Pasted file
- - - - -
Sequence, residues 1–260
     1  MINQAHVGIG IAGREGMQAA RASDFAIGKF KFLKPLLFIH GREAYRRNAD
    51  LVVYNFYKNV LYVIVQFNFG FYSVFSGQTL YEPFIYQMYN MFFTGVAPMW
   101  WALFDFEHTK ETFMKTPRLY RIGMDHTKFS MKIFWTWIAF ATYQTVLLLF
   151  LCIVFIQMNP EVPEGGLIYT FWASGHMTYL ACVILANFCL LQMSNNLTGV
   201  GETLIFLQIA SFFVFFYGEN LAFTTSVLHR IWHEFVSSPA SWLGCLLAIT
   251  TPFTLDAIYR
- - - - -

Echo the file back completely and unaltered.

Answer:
Sequence, residues 1–260
     1  MINQAHVGIG IAGREGMQAA RASDFAIGKF KFLKPLLFIH GREAYRRNAD
    51  LVVYNFYKNV LYVIVQFNFG FYSVFSGQTL YEPFIYQMYN MFFTGVAPMW
   101  WALFDFEHTK ETFMKTPRLY RIGMDHTKFS MKIFWTWIAF ATYQTVLLLF
   151  LCIVFIQMNP EVPEGGLIYT FWASGHMTYL ACVILANFCL LQMSNNLTGV
   201  GETLIFLQIA SFFVFFYGEN LAFTTSVLHR IWHEFVSSPA SWLGCLLAIT
   251  TPFTLDAIYR